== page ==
Friday Weird Science: Lady in red?

Apr 20 2012 Published by under Friday Weird Science

Today's post is a synchro-blogging effort! I'm teaming up with Dr. Zen to talk about the latest in the evolutionary psychology theory of everything. The idea that when we do something, it must be because that behavior has an evolutionary basis. Girls like pink because it makes sense to spot redder berries. Boys are better at math because hunting required linear algebra. And everyone knows that a lady wears red because she wants to get some ACTION.

Or does she?


(Not dressin' up for women with heart disease! No siree! Source)

Elliot and Pazda. "Dressed for Sex: Red as a Female Sexual Signal in Humans" PLoS ONE, 2012.

In many species of animals, red is a sex signal. Baboon females have big red butts, for example, which let males know when they are ready to get it on. But what about humans? Do we also see red as go time?

Some studies say yes. For example, men who view women on a red background or wearing red clothing show more interest in the women and spend more money on them. But red clothing and actually red LADIES appear to be different things. While red lips and cheeks can be seen as signs of health, Dr. Zen covered a recent study (and I'm so jealous he got to it first!) showing that photos of women with redder vaginas actually rated lower on attractiveness. So it appears that the effect may be limited to some things like clothing or lips, rather than ladies flashing red butts (or vaginas) around.

So is red a signal of sexual availability in women? Does wearing red mean you're dressed for sex? To determine the answer to this no doubt haunting and urgent question, the authors of this study turned...to the internet. They formed their own experimental dating site (It's for SCIENCE, honey, I swear!), and looking at what women were WEARING.

They performed three separate studies. In the first study, they had women on their fake dating site (don't worry, the women knew it wasn't real) assigned to two groups: interested in casual sex, or normal. In the 'interested in casual sex' group, the women were told to imagine that they were interested in casual hookups. Then they were told to imagine taking a photo of themselves for the site with their cell phone, and asked what color they were wearing: red, black, blue, or green. The women who were put in the "interested in casual sex" scenario were more likely to say they would wear red.

In the second study, they took it to the internet. The authors went on to a dating website, and cruised profiles (for science, honey!!!). They selected 500 profiles of women who said they were interested in "casual sex", and 500 women who didn't check that box. And they looked at the colors people were wearing in the photos: again red, black, green, and blue. They again found that women who checked the "casual sex" box were more likely to be wearing red.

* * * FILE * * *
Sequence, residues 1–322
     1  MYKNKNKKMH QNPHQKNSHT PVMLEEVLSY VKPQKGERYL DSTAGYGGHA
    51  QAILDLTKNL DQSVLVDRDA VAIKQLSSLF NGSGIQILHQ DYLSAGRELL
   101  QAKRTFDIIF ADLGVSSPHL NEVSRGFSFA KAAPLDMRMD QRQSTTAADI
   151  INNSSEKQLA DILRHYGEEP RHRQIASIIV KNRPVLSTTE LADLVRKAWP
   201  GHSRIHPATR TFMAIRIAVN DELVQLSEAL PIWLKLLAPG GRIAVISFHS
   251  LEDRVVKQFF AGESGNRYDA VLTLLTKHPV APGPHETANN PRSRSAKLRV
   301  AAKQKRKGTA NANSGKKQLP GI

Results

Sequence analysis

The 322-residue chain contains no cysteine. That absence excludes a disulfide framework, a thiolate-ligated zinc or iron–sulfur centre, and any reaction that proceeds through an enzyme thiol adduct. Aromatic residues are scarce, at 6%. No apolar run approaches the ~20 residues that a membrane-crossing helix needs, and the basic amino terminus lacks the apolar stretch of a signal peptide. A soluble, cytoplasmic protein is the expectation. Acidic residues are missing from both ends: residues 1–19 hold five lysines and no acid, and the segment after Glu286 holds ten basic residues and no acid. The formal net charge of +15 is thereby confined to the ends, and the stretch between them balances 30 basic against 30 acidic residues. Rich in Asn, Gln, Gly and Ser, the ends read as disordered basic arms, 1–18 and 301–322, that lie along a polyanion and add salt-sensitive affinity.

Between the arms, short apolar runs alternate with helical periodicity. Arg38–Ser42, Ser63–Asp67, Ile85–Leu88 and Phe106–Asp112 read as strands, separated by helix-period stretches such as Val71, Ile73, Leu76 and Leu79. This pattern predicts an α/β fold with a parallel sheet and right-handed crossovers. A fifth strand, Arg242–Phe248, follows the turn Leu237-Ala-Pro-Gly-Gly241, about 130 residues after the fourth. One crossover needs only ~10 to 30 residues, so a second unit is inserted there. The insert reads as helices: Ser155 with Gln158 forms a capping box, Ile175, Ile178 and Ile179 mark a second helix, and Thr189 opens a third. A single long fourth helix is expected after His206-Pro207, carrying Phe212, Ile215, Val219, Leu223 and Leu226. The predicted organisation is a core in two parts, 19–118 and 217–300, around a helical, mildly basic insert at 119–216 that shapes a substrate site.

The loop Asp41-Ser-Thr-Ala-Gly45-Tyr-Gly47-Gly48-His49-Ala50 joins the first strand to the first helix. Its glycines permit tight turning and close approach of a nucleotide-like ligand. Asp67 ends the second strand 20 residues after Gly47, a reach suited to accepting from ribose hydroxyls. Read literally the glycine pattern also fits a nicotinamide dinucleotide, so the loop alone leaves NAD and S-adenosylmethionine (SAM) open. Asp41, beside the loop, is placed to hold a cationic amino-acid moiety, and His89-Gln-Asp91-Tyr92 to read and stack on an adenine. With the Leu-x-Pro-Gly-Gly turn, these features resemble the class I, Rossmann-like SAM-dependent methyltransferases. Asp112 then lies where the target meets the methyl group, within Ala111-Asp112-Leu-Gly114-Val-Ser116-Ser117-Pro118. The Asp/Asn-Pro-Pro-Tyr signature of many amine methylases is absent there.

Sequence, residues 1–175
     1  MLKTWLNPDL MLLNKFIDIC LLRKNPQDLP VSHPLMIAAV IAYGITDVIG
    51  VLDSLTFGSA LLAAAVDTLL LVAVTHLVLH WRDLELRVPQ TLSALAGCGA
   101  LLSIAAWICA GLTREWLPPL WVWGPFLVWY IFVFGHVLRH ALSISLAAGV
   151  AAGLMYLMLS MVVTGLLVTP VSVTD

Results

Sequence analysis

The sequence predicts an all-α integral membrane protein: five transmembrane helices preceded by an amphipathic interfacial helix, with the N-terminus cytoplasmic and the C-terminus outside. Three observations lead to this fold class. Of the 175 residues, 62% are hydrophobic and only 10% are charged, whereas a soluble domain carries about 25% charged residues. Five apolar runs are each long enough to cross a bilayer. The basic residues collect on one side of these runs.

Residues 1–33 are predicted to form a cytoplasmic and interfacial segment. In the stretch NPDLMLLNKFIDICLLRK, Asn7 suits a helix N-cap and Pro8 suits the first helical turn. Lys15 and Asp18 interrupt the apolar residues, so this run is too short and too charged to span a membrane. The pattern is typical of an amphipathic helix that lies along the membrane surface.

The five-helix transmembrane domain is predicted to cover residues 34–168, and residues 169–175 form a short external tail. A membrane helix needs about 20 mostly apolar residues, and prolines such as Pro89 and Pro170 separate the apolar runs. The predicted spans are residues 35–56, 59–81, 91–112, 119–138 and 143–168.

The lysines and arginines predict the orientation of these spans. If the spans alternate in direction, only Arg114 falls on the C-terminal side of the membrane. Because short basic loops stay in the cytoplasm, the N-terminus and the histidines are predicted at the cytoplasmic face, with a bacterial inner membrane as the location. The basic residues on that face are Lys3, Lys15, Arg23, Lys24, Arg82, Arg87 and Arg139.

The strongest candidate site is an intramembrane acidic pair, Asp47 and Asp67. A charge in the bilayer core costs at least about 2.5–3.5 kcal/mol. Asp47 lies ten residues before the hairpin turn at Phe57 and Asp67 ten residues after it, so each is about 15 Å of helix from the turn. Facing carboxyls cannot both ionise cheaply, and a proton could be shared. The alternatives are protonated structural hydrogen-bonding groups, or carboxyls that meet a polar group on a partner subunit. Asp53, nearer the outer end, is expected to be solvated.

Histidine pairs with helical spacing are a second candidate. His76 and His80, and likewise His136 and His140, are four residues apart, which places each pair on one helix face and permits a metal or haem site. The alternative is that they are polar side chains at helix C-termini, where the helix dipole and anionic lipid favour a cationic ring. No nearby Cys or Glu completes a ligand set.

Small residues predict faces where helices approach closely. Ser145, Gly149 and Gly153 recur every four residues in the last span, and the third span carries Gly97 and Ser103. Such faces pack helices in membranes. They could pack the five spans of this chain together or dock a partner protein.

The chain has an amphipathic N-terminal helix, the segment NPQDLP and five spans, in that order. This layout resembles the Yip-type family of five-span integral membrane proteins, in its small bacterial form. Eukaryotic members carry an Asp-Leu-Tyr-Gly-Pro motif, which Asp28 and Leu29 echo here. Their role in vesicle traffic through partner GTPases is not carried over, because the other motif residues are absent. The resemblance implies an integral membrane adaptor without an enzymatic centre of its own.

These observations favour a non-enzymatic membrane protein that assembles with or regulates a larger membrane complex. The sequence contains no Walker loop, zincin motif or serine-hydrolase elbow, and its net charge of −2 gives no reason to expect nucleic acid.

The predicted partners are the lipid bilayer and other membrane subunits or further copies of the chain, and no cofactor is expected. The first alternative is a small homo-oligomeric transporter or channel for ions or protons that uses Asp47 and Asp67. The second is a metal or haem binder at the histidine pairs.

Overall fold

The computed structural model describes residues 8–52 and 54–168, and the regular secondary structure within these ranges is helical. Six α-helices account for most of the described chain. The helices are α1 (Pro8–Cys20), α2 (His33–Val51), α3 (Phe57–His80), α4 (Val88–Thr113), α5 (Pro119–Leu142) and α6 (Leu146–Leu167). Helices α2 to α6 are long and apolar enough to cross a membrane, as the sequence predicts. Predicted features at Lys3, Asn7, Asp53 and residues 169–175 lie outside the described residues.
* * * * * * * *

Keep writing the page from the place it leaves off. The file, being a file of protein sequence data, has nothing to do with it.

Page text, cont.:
Finally, they did a study looking at the actual behavior of women on a dating site. They focused on a site specifically for casual encounters, and compared it to a site which focused on long-term relationships. They again looked at photos and compared the colors worn: red, black, green, or blue. They found that women on the casual dating site were more likely to wear red.

From these studies, the author conclude that red displays interest in sex, and is similar to red displays in primates who want to get it on. They also hypothesize that red signals that the women is "a worthy competitor" to other females: back off, the boy is mine.

Now, obviously there are some things about these studies that seem a little silly. First off, you're going to ask what color the women wanted to wear in a photo, and only give them four options?! Where's pink? Purple? Brown? Yellow? White? Not only that, there are other issues with the colors chosen. Red and Black are colors that look good on a lot of people. Blue and green? Not always. Did they look just for red? Did they include burgundy or maroon or dark pink? Aside from issues with whether you look good in it, a lot of nicer clothing available for women...is in red or pink. A lot less is available in green or blue. In many clothing stores, you'll see shirts offered in black, white, red, and pink, with few other colors. So maybe there's a little more than just looking red hot going on.